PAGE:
Back to the film that initiated this entire article, Ant-Man: Quantumania introduced Kang the Conqueror, who is the next Thanos for the next three years, which the people behind the MCU are calling the “Multiverse Saga”. If you know the comics, you will know that Kang the Conqueror is an apt villain, a time-traveling and extremely powerful character. However, in the third Ant-Man film, they make him the villain and he loses. Not only does he lose, but he also gains nothing as no important characters are killed. This is not how you build up an overarching villain. In professional wrestling, an overarching villain is considered the final boss for the hero to face to reach his pinnacle, which usually involves winning a championship belt. As of the writing of this article, the overarching villain in the WWE is Roman Reigns. He has been built up for years now, and has not been beaten yet. So, whenever he faces a hero, and if that hero is built up well, expectations are created and one might wonder if the hero will prevail or not. So, an overarching villain cannot lose before his peak, and I believe they did that with Kang in Quantumania. This follows another aspect that the MCU should borrow, which is that their heroes should lose, not just like in Infinity War but even in their normal films as this will keep the audience on their toes.
So, the MCU needs to present their overarching villain as undefeatable and also make their heroes feel like they can be hurt, and that they can lose. This will create suspense and keep audiences glued to the Marvel Cinematic Universe. With the ‘Infinity Saga’, they did the opposite and it worked. The heroes never lost in any film until Infinity War, and when they did, the emotional impact was immense. Repeating the same formula for the Multiverse Saga will not give the same results because the audience has already experienced it.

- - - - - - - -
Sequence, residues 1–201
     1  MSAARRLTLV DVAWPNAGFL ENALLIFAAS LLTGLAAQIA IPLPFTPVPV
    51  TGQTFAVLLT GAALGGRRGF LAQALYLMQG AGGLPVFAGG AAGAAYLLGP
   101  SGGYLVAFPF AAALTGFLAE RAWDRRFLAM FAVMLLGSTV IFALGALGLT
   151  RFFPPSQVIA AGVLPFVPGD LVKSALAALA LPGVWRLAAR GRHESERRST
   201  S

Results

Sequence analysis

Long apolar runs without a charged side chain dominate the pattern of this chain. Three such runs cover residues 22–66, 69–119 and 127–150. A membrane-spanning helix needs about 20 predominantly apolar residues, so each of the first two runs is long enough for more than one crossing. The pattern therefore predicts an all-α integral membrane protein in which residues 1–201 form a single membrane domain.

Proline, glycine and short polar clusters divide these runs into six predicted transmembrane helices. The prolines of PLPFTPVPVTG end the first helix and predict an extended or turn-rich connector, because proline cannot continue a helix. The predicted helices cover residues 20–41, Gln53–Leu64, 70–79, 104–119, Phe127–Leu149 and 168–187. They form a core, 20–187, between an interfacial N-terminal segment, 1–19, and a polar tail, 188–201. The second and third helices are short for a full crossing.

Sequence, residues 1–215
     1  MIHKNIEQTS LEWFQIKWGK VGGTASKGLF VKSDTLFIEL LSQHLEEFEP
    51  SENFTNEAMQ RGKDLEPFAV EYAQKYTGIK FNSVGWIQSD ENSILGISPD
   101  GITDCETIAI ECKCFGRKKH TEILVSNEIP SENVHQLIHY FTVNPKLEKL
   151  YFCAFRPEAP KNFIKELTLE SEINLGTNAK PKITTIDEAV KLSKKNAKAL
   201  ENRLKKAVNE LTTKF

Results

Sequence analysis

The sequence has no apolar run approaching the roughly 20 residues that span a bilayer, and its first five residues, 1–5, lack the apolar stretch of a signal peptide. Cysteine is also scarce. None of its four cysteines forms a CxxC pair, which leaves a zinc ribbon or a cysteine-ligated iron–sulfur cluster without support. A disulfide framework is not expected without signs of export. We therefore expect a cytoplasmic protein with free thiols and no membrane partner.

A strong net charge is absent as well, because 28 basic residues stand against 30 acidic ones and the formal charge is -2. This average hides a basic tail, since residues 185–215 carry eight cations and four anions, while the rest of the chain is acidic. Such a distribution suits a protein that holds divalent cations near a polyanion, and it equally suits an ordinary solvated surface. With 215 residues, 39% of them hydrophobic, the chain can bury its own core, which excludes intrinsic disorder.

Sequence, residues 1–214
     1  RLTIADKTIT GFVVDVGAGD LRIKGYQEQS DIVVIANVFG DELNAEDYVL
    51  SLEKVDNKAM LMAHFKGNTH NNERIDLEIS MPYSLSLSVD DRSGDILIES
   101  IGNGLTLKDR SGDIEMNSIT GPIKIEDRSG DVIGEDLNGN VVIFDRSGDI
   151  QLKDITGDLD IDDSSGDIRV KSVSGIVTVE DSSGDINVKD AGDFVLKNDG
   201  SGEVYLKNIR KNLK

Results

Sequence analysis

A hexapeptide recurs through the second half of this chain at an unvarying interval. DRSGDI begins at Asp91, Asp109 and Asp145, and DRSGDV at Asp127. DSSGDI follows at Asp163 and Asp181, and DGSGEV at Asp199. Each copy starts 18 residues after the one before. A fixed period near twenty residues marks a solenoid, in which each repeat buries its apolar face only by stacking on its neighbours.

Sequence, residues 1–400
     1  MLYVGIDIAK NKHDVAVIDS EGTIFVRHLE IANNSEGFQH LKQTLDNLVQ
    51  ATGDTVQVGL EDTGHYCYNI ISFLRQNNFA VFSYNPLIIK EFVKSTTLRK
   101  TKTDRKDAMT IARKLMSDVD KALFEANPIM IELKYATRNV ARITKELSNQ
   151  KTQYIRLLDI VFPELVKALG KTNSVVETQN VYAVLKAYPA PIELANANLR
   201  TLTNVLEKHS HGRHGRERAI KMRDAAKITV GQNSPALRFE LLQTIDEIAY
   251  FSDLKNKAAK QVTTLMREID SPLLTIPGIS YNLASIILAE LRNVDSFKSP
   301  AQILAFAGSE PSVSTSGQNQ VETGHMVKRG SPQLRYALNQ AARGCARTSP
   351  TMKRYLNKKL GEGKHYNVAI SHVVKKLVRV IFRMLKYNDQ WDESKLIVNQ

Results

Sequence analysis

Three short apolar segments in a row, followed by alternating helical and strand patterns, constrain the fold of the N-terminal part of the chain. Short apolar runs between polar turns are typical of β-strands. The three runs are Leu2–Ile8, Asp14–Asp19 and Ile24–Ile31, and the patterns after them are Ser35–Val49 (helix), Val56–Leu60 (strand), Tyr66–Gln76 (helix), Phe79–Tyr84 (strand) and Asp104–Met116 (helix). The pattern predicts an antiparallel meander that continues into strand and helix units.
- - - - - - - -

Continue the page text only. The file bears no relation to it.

Another aspect that they can learn from pro wrestling that the MCU tried recently is what is known as ‘The Turn’, when a hero turns into a villain and vice versa. The MCU tried this with the Scarlet Witch/Wanda Maximoff. During the show Wandavision, when we see the turn of Wanda into a powerful villain, I genuinely believe she could have been an overarching villain on the level of Thanos. They spent so much time in the show to build her up, and her turning into a villain happens out of sight. When we start watching Doctor Strange: Multiverse of Madness, we see her already evil and doing her plan. I feel it was a missed opportunity when turning a hero into a villain. In pro wrestling, there are easter eggs or hints that the hero is gonna turn evil. Then, when it’s done well, the hero turns into the villain in the most unexpected moment. If just the seeds of Wanda turning evil were shown, and then unexpectedly she turns evil, I believe it would have been more impactful. Furthermore, she loses at the end of the film, a major lost opportunity to have her be an overarching villain, especially with her powers and since it is the Multiverse Saga after all.
While I understand that the MCU is mostly a series of feature-length films, and there are certain conventions to follow when it comes to feature-length storytelling, the Marvel Cinematic Universe has a massive opportunity to truly experiment and enter into long-term storytelling that keeps audiences hooked for years to come.
This review is published as an extension of *SCAPE’s Film Critics Lab: A Writing Mentorship Programme organised by The Filmic Eye, with support from the Singapore Film Society.
About the Author: Deepesh Vasudev is a filmmaker and also majors in Philosophy at NUS. He has created short films, music videos, adverts and visual poems, to name a few.
Most Marvel movies are available for streaming on Disney+.